This is a curious proposal from Bruce Schneier, computer security and cryptography expert, published last month in the New York Daily News:
Securing the Washington Monument from terrorism has turned out to be a surprisingly difficult job. The concrete fence around the building protects it from attacking vehicles, but there’s no visually appealing way to house the airport-level security mechanisms the National Park Service has decided are a must for visitors. It is considering several options, but I think we should close the monument entirely. Let it stand, empty and inaccessible, as a monument to our fears.Within the federal government, the Washington Monument has given its name to a particular budget tactic. According to legend, years ago Park Service managers would submit a budget to Congress with no money for opening the monument at the height of the tourist season. Those managers could therefore use their testimony to the budget committees to advocate for funds for less visible things (which may or may not have been necessary), knowing that Congress would add enough funds to keep the monument open or face public complaints.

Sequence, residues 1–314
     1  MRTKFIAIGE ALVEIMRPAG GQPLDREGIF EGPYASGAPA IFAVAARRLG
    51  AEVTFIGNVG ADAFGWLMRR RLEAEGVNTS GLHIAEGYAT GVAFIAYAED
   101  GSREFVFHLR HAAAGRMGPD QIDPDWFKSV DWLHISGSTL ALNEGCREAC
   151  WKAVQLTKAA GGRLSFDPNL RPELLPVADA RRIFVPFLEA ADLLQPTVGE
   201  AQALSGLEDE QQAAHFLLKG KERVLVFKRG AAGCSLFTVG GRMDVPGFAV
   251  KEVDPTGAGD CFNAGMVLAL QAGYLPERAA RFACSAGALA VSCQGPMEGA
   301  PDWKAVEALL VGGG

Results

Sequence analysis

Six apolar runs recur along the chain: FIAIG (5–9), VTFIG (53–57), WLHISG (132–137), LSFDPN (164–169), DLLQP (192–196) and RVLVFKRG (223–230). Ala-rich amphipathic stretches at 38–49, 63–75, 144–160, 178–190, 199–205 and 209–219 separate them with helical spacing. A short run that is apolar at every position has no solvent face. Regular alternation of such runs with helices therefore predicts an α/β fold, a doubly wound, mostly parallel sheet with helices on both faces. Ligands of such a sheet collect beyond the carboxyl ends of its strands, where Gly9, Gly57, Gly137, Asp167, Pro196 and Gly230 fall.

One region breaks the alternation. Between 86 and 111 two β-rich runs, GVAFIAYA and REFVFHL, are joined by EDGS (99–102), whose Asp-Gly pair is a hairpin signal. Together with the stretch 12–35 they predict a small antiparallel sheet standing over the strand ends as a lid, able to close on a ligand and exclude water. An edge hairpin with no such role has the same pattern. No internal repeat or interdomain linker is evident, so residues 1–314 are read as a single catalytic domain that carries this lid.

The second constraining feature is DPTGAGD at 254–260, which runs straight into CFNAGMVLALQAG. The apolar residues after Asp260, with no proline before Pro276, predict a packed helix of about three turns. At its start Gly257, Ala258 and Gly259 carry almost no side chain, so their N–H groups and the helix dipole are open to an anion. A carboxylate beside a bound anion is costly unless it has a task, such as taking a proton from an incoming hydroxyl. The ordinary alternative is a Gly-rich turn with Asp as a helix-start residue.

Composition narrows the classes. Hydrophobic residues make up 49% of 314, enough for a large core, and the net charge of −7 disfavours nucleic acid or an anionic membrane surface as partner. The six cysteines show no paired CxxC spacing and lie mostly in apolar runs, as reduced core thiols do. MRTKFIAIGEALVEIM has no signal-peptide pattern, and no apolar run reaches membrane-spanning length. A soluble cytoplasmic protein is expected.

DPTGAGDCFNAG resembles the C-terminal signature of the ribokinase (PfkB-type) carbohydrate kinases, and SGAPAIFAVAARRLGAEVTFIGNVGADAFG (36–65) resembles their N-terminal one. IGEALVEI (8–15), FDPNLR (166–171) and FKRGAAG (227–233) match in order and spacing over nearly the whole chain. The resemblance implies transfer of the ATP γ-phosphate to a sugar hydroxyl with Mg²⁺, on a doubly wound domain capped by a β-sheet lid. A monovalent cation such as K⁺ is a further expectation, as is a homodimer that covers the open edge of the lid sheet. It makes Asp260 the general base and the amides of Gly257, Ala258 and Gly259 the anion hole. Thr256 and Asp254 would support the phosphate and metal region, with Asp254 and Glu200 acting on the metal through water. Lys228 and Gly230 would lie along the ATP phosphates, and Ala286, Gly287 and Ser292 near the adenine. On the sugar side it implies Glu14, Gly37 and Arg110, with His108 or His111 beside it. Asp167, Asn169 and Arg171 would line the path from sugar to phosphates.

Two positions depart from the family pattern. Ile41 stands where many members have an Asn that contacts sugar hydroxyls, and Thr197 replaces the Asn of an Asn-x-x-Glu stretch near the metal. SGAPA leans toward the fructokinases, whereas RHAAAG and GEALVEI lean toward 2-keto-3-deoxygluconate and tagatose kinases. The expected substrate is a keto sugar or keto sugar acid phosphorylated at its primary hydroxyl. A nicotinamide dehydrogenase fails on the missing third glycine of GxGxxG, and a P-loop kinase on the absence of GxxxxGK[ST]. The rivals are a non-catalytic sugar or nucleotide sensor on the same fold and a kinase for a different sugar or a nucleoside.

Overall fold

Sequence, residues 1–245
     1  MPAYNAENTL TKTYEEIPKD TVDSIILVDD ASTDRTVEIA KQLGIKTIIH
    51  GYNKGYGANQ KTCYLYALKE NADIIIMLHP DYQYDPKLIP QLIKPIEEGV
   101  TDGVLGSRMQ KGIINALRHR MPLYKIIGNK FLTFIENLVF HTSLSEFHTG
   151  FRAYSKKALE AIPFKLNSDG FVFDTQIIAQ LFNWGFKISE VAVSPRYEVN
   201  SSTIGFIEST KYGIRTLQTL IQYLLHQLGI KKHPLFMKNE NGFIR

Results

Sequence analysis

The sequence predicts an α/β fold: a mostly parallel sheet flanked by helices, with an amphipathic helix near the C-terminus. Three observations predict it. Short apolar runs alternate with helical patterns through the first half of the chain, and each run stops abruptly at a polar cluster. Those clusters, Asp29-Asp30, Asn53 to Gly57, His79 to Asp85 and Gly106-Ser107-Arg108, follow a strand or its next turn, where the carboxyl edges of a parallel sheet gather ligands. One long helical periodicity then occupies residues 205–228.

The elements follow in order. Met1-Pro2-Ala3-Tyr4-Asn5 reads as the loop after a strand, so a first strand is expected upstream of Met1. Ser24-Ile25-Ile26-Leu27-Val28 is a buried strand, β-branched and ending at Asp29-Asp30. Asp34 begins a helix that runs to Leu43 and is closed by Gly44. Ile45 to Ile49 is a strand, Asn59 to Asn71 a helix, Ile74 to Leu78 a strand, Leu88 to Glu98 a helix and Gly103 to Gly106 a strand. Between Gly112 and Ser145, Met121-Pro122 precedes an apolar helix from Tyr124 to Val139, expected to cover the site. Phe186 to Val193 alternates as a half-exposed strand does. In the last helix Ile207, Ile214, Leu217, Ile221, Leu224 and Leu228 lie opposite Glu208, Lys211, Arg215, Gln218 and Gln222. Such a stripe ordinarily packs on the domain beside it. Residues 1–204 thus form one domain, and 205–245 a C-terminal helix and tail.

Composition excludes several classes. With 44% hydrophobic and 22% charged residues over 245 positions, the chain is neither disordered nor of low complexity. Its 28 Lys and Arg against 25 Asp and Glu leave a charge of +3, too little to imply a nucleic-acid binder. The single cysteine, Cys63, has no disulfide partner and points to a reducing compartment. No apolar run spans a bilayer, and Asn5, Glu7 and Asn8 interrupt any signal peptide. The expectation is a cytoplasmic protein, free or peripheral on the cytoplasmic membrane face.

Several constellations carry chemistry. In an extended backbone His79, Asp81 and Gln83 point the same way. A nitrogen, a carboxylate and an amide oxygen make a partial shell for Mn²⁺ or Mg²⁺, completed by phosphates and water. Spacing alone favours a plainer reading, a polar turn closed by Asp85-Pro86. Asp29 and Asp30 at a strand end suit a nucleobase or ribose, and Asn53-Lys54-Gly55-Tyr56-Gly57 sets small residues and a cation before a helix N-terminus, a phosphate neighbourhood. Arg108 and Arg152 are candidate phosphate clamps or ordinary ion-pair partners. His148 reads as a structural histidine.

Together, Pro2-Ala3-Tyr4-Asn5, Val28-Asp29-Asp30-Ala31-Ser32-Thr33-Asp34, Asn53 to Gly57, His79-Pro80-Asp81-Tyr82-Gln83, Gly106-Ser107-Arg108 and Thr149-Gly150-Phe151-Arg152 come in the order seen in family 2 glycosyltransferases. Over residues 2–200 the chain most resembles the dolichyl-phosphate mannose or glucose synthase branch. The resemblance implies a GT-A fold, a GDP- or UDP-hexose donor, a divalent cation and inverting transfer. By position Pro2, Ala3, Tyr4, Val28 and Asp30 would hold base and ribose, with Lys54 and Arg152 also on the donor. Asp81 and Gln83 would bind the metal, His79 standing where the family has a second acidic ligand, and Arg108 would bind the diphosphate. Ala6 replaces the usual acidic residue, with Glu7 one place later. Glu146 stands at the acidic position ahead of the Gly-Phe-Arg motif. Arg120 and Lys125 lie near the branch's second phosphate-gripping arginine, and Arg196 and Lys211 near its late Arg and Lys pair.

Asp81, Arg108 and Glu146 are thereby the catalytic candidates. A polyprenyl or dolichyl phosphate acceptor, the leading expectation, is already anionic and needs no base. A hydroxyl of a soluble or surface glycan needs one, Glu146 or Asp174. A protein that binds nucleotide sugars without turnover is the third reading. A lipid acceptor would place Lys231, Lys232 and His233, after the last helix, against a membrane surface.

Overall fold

An empty Washington Monument would serve as a constant reminder to those on Capitol Hill that they are afraid of the terrorists and what they could do. They’re afraid that by speaking honestly about the impossibility of attaining absolute security or the inevitability of terrorism—or that some American ideals are worth maintaining even in the face of adversity—they will be branded as “soft on terror.” And they’re afraid that Americans would vote them out of office if another attack occurred. Perhaps they’re right, but what has happened to leaders who aren’t afraid? What has happened to “the only thing we have to fear is fear itself”?
An empty Washington Monument would symbolize our lawmakers’ inability to take that kind of stand—and their inability to truly lead.
Schneier seems to be trying a non-budgetary form of the “Washington Monument Ploy,” using public access to that site as a way to force the government and the nation (i.e., us) to consider what workable security means. Schneier is known within the computer-security field for formulating concepts like “security theater” and “failing well.”